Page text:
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International Women’s Day

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Leading the way out of crisis: Women’s leadership can reshape our Covid-19 response.

Women in Leadership: Achieving an equal Future in a COVID-19 world is the UN Women theme for International Women’s Day 2021. The pandemic has tested leaders at all levels and in all organisations around the world. Although women leaders are still in the minority, emerging evidence suggests that countries led by women such as New Zealand, Denmark and Taiwan may have displayed a more effective early response to the pandemic. Globally, 70 per cent of health workers and first responders are women, and women-led organisations have been vital to an effective grassroots response, including in countries like Yemen, where access to health facilities is limited.

During the pandemic, leaders of all genders have been managing rapid and unprecedented change: illness, remote working, the accelerated adoption of technology, increases in caring responsibilities and the psychological effects of what has now been almost a year of lockdown here in the UK. Reflecting on this experience, SDDirect colleagues took some time to consider the value of feminist leadership principles. Vital elements include proactive inclusion of all voices in decision-making, even when it is challenging to do so; building relationships of trust; offering and delivering support; and acting to redress the power imbalances that underlie discrimination and exclusion. These qualities are always important, but may be particularly crucial in a crisis.

It can now be said with certainty that COVID-19 is a crisis that has reinforced existing economic and social inequalities, with disproportionate effects on women and girls. We have seen increasing rates of domestic violence and trafficking and new barriers to accessing support. Girls are at increased risk of dropping out of school. Women have been on the front lines as care givers and key workers. Women with disabilities and those with diverse sexual and gender identities face further setbacks.

If we truly intend to ‘build back better’ the response to the pandemic needs to change these patterns, not reinforce them. Already there are concerning indications that opportunities to create a more inclusive and sustainable response are being missed. Ensuring access to vaccines around the world is critical, but inequitable access within countries is equally important and there are real risks facing underserved groups, including people with disabilities and women.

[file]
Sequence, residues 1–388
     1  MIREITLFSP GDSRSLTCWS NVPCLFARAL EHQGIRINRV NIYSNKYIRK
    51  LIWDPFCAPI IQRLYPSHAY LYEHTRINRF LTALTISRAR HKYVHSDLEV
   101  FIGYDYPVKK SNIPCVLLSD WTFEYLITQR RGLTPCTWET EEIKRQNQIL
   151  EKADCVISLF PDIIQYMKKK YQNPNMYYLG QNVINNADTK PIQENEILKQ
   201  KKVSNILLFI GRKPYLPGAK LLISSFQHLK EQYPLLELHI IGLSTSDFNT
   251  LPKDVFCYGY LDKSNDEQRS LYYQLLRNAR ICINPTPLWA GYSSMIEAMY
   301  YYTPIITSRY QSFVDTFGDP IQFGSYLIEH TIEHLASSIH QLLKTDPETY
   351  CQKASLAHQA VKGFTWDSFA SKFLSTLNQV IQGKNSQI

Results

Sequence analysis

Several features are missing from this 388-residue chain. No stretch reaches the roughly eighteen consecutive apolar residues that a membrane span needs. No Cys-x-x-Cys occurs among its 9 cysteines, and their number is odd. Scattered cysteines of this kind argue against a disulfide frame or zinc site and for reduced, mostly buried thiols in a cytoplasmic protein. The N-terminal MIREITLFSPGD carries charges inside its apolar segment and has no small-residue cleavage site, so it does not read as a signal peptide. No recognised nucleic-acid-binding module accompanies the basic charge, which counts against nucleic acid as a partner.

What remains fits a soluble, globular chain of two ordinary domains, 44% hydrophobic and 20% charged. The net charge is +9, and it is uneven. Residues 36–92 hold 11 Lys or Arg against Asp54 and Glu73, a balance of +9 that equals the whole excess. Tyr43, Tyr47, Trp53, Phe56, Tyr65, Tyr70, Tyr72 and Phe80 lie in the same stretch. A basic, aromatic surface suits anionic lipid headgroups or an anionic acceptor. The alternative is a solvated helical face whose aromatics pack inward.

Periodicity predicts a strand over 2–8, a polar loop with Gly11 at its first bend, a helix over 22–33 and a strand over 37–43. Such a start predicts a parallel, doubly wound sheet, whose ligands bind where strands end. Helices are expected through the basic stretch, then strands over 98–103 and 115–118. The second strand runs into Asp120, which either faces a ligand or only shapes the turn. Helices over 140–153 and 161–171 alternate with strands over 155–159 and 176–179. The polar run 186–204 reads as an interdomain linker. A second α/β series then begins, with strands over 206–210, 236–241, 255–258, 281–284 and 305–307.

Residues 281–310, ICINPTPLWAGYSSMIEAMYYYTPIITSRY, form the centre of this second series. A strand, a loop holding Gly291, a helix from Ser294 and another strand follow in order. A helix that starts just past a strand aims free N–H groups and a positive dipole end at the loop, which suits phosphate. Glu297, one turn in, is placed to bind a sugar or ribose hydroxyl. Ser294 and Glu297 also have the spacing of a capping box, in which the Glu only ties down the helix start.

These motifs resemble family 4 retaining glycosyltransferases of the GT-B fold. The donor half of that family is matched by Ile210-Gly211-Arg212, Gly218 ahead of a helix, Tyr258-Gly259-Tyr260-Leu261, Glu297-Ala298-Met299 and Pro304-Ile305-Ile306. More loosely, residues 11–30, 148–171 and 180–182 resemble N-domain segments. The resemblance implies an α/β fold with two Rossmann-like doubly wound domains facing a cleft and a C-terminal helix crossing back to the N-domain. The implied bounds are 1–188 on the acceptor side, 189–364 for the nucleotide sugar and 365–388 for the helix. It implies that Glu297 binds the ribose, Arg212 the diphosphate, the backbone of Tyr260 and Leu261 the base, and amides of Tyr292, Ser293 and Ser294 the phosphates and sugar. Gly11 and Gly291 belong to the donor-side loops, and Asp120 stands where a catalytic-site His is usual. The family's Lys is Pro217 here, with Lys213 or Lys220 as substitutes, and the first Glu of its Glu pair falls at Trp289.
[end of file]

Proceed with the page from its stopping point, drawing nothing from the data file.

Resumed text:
Yet the opportunities to do better are immense. Covid-19 is arguably the most radical global disruption to social and economic patterns of behaviour since the Second World War. While nobody knows what the ‘new normal’ will be, there is the possibility to design new more equitable, more inclusive and greener solutions, in economic regeneration, the design of services and social protection, and many other areas.

This month’s flagship events held by the Commission on the Status of Women and the Generation Equality campaign offer occasions to build support for women leaders and feminist leadership principles in responding to the pandemic. COVID-19 response will also be top of the agenda at the G7 summit in June. Building back better will be a long-term process. Leaders of all genders will play a crucial part in determining how the recovery plays out, and their response must be informed by the transformative feminist principles of inclusion, accountability, empathy and the courage to #ChooseToChallenge

Sue Griffiths

Managing Director, Social Development Direct